At some point during our school age life, many of us proudly shared a completed creative project with our families. Sometimes our masterpieces adorned the refrigerator, hallway wall, or mom or dad’s desk at work. Those memorable accomplishments and experiences are made possible by imaginative muses, otherwise known as art teachers.
Faced with new challenges entering the 2020 school year, United Inner City Services (UICS) arts educators and staff have adapted to share fresh opportunities to create at school and home.
Art and creativity transcend our classrooms and studio walls at UICS, which is incredibly valuable as many students have transitioned to virtual learning this year.
“At the beginning of the pandemic, we thought it would be helpful to have art and classroom activities online,” explained Merrill Hunt, UICS-St. Mark Center Training and Curriculum Manager. “Nearly 20% of our students are participating in virtual and hybrid in-classroom/at-home learning, and we wanted to ensure what we were offering in the classrooms was available at home too.”
All UICS teachers have created Google classrooms (a secure online website link specific to each educator) to directly correspond with lessons delivered on-site. Parents are invited to their child’s Google classroom to check in, engage in school activities, and access resources. But, for certain hands-on classes like art, UICS teachers have been incredibly innovative as they’ve searched for even more ingenious ways to help students engage virtually.
“I wanted to give our parents and students an opportunity to access the same art projects at home that we are doing at school,” said Brianne (Bri) Pegg, UICS-St. Mark Center Arts Coordinator. “It’s important to me to give parents digestible tools, so they feel comfortable doing art at home with their kids.”
Bri’s Google site showcases an incredible variety of art projects students can do at home. The page is segmented by age and includes helpful video links and tips for parents to support UICS’ Creative Curriculum. Many resources also include projects made from found objects at home, making art experiences more accessible and imaginative.
UICS-Metro Center Arts Coordinator, Julia Mandl, is also engaging her art students virtually. “I want students to enjoy art and creating it, even if they aren’t physically with us.”
Julia has made her Youtube channel, Art with Ms. Mandl available to not only UICS students and families, but anyone interested in discovering new ways to make art at home. In these videos, Julia leads a wide range of art projects using many different mediums and often features local artists to share and teach some of their favorite techniques and styles.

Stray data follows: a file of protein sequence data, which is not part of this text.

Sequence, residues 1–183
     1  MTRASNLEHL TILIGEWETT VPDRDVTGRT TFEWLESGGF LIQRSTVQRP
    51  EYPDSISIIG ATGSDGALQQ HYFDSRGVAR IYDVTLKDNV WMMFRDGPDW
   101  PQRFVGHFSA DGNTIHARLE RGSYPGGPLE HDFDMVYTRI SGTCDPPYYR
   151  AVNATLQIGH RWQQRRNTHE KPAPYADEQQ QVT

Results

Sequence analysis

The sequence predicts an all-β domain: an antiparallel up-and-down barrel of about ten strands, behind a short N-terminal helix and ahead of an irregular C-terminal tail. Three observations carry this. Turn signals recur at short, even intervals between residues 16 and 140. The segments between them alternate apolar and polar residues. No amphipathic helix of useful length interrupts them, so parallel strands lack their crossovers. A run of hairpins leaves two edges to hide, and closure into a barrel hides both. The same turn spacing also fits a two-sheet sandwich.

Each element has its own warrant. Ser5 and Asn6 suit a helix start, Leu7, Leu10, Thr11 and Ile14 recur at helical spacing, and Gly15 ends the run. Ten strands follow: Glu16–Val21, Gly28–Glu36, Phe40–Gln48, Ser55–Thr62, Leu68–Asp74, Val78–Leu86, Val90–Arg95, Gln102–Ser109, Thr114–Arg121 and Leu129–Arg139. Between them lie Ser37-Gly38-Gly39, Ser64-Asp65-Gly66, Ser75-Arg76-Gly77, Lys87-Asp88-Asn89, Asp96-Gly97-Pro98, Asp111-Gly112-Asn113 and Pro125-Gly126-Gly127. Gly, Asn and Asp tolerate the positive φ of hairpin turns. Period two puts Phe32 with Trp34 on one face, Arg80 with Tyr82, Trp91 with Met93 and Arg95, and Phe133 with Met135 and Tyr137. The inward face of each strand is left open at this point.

Bri and Julia have also established virtual art galleries for UICS artists to upload and share their masterpieces digitally. Bri explained, “Students see their art on the walls in the hallways at school, and this is a way for students at home to display what they’ve been doing at home and feel proud about their work.”
Additionally, both Arts Coordinators take turns leading Stay, Play, & Learn, a weekly art and play engagement opportunity for parents and children to experience the joy of creativity together. In the midst of the pandemic, this event has evolved to Stay (Zoom), Play, & Learn so students and families at home can participate.
“It also turned out to be a great project for our volunteer groups to engage with us off-site!” Julia added. UICS community partner and advocate, Church of the Resurrection, enlisted to help prepare these packages. Pastor Patrick McLaughlin leads volunteer opportunities for Church of the Resurrection and sought to engage with UICS through service that could be done safely off-site. Collage materials like pom poms, pipe cleaners, sequins, paper, buttons, and glue sticks were generously supplied and packaged by Pastor Patrick and his volunteer group.
Kansas City Young Matrons also coordinated an art supply drive to ensure our centers were bountifully equipped with materials. This is the second year that this group of citizen leaders have contributed to our work.
Families are invited to retrieve the art kits and supplies in addition to other resources every week through our “Curbside Pick Up” program.
UICS is humbled to be the beneficiary of generous community support that promotes inclusion of the arts for our little learners, wherever they are learning.
Art connects universally and encourages expression, which is more meaningful now than ever. UICS teachers, staff, and volunteers continue to engage imagination, find inspiration, and facilitate discovery for our students and families during a time of great uncertainty and transition.
Though we might be distant, we are United.